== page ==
Authors: Andrea Ciammaruconi, Saverio Grassi, Riccardo De Santis, Giovanni Faggioni, Valentina Pittiglio, Raffaele D'Amelio, Alessandra Carattoli, Antonio Cassone, Gilles Vergnaud, and Florigio Lista
Citation: BMC Microbiology 2008, 8:21doi:10.1186/1471-2180-8-21
Published: 29 January 2008
To read the original article, click here. Originally published in BioMed Central. Open Access.
Anthrax and plague are diseases caused by Bacillus anthracis and Yersinia pestis respectively. These bacteria are etiological agents for worldwide zoonotic diseases and are considered among the most feared potential bioterror agents. Strain differentiation is difficult for these microorganisms because of their high intraspecies genome homogeneity. Moreover, fast strain identification and comparison with known genotypes may be crucial for naturally occurring outbreaks versus bioterrorist events discrimination.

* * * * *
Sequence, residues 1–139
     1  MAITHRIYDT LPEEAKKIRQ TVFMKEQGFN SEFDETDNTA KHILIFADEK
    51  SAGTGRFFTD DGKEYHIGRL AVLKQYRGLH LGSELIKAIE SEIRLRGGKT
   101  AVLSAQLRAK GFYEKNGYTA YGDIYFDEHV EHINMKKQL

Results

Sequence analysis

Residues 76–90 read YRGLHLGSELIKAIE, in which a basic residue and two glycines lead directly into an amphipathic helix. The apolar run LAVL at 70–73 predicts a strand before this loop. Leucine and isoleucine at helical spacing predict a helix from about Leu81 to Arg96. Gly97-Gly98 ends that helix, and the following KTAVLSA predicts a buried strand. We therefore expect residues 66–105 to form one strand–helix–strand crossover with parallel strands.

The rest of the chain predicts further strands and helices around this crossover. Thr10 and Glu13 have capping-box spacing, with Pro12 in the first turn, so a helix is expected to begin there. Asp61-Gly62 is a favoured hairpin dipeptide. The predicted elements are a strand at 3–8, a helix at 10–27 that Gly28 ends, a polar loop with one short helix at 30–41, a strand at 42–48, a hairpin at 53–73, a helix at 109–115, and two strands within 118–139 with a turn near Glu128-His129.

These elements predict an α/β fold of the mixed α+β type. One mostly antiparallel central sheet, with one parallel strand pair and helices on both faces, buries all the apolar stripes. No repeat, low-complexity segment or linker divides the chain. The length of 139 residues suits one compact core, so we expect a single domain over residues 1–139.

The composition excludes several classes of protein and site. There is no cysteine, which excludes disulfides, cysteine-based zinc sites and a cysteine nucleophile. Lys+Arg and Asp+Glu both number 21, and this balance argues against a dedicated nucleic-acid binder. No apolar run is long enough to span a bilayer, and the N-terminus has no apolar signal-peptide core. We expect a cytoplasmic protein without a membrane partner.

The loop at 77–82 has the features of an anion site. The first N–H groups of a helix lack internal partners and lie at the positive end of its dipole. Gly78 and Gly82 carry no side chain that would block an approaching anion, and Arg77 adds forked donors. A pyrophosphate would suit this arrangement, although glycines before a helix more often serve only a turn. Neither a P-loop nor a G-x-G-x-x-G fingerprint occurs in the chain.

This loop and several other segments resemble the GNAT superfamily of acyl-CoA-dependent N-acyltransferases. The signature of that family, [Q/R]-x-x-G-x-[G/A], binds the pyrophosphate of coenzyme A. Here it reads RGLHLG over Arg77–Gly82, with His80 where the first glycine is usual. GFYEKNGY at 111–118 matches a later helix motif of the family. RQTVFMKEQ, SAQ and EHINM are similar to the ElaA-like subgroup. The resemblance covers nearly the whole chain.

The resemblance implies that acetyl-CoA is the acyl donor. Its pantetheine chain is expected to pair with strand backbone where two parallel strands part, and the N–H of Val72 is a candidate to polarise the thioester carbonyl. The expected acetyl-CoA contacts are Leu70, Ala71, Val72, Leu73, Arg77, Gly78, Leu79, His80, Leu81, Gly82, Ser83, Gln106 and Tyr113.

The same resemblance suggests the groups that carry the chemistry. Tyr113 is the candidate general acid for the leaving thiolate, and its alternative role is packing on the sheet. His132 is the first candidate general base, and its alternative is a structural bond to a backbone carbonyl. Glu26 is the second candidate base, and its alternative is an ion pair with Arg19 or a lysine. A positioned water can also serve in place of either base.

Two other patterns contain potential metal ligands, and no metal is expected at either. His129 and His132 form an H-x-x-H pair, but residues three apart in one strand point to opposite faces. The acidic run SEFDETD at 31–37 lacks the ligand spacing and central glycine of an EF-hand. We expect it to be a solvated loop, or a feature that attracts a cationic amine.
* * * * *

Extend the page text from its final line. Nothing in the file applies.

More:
Thirty-nine B. anthracis and ten Y. pestis strains, representative of the species genetic diversity, were genotyped by Agilent 2100 Bioanalyzer using previously described Multiple Locus VNTR Analysis assays (MLVA). Results were compared to previous data obtained by standard genotyping system (capillary electrophoresis on automatic sequencer) and, when necessary, direct amplicon sequencing. A reference comparison table containing actual fragment sizes, sequencer sizes and Agilent sizes was produced.
In this report an automated DNA electrophoresis apparatus which provides a cheaper alternative compared to capillary electrophoresis approaches was applied for genotyping of B. anthracis and Y. pestis. This equipment, uses pre-cast gels and provides easy transportation, low maintenance and overall general logistic requirements and costs, is easy to set up and provides rapid analysis. This platform is a candidate for on-site MLVA genotyping of biothreat agents as well as other bacterial pathogens. It is an alternative to the more expensive and demanding capillary electrophoresis methods, and to the less expensive but more time-consuming classical gel electrophoresis approach.